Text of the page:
asked Bradley. "I thought ours was the only
party of men from the outer world ever to enter Caprona."
"It was, until we came in search of Bowen J. Tyler, Jr.," replied
Billings. "We found him and sent him home with his bride; but I was
kept a prisoner here."
Bradley's face darkened--then they were not among friends after all.
"There are ten of us down there on a German sub with small-arms and a
gun," he said quickly in English. "It will be no trick to get away
from these people."
"You don't know my jailer," replied Billings, "or you'd not be so sure.
Wait, I'll introduce you." And then turning to the girl who had
accompanied him he called her by name. "Ajor," he said, "permit me to
introduce Lieutenant Bradley; Lieutenant, Mrs. Billings--my jailer!"
The Englishman laughed as he shook hands with the girl. "You are not
as good a soldier as I," he said to Billings. "Instead of being taken
prisoner myself I have taken one--Mrs. Bradley, this is Mr. Billings."
Ajor, quick to understand, turned toward Co-Tan. "You are going back
with him to his country?" she asked. Co-Tan admitted it.
"You dare?" asked Ajor. "But your father will not permit it--Jor, my
father, High Chief of the Galus, will not permit it, for like me you
are cos-ata-lo. Oh, Co-Tan, if we but could! How I would love to see
all the strange and wonderful things of which my Tom tells me!"
Bradley bent and whispered in her ear. "Say the word and you may both
go with us."
Billings heard and speaking in English, asked Ajor if she would go.
"Yes," she answered, "If you wish it; but you know, my Tom, that if Jor
captures us, both you and Co-Tan's man will pay the penalty with your
lives--not even his love for me nor his admiration for you can save
Bradley noticed that she spoke in English--broken English like Co-Tan's
but equally appealing. "We can easily get you aboard the ship," he
said, "on some pretext or other, and then we can steam away. They can
neither harm nor detain us, nor will we have to fire a shot at them."
And so it was done, Bradley and Co-Tan taking Ajor and Billings aboard
to "show" them the vessel, which almost immediately raised anchor and
moved slowly out into the sea.
"I hate to do it," said Billings. "They have been fine to me. Jor and
Tan are splendid men
Bradley shouted loudly.Page 5
He called upon all the saints to witness that he was unafraid and that anybody with half an eye could have seen that the creature was nothing more than "one av thim flyin' alligators" that they all were familiar with.Page 10
The dragon paid no further attention to him, however, for Tippet's sudden break for liberty had attracted its attention; and after Tippet it went, bowling over small trees, uprooting underbrush and leaving a wake behind it like that of a small tornado.Page 11
Bradley half raised his rifle to fire again and then lowered it with a shake of his head.Page 18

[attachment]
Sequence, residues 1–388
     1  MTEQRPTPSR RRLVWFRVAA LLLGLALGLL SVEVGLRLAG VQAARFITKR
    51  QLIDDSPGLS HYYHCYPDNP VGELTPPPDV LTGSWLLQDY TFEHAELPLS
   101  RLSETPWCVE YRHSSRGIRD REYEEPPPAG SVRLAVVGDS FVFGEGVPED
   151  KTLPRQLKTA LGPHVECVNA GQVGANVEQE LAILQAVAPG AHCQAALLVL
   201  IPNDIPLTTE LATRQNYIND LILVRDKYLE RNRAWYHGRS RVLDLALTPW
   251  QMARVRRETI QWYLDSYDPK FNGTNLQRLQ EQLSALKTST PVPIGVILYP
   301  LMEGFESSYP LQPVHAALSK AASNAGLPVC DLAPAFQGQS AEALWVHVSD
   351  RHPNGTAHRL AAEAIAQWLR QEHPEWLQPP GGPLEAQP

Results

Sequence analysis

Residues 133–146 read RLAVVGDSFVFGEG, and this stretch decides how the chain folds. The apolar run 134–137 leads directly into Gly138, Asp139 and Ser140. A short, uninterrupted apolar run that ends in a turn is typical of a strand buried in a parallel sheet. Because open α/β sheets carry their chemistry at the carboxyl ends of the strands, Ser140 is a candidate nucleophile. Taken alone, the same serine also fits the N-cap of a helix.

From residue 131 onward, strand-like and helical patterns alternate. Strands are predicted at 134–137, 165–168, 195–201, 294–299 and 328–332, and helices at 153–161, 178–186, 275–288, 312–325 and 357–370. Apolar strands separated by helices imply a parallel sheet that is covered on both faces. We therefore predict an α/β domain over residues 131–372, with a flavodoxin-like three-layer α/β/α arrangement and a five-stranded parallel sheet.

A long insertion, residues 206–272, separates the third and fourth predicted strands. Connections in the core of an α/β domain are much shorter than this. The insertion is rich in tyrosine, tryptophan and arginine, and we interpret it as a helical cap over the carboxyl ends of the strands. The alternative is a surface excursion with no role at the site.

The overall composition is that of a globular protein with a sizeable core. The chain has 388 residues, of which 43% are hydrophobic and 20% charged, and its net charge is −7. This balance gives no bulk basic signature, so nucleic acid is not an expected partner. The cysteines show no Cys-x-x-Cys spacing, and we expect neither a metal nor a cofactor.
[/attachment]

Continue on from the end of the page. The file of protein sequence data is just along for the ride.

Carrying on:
The creature wheeled immediately toward the east and was at once joined by its fellow, who circled them once and then fell in behind them.Page 21
As Bradley gazed upon them in wide-eyed astonishment, he saw plainly that all his intelligence, all his acquired knowledge through years of observation and experience were set at naught by the simple evidence of the fact that stood out glaringly before his eyes--the creatures' wings were not mechanical devices but as natural appendages, growing from their shoulderblades, as were their arms and legs.Page 23
"Go there and eat," he commanded, "and then come back.Page 24
At the other end of the skewer was fastened a small clam-shell.Page 25
As he waited for the proprietor to return, he fell to examining the dish from which he had eaten and the pedestal upon which it rested.Page 28
When he arose, the door was closed, and Fosh-bal-soj was standing over him, his hideous face contorted into an expression of rage and hatred.Page 33
Today you go to his temple--" the Wieroo used a phrase meaning literally High Place--"where you will receive the sacred commands.Page 34
Many roofs were cup or saucer-shaped with a small hole in the center of each, as though they had been constructed to catch rain-water and conduct it to a reservoir beneath; but nearly all the others had the large opening in the top that Bradley had seen used by these flying men in lieu of doorways.Page 37
"There is a way out! There is a way out!" Dragging itself to his side the creature slumped upon the Englishman's breast.Page 38
If I tell them the secret of becoming cos-ata-lu they will take me out; but how can I tell them that which Luata alone knows? "What is cos-ata-lu?" demanded Bradley.Page 44
Behind him lay almost certainly the horrid fate of An-Tak; before him nothing worse than a comparatively painless death by drowning.Page 48
What new mysteries lay hidden in the chambers above? The urge to know was strong upon him though his better judgment warned him that the safer course lay in retreat.Page 56
At his left side lay the second weapon.Page 60
Yes, there was the man asleep.Page 65
It was an hour before the coast was entirely clear and then a moment came when no Wieroo was in sight.Page 71
"You will carry us due west, depositing us upon the shore of the mainland--that is all.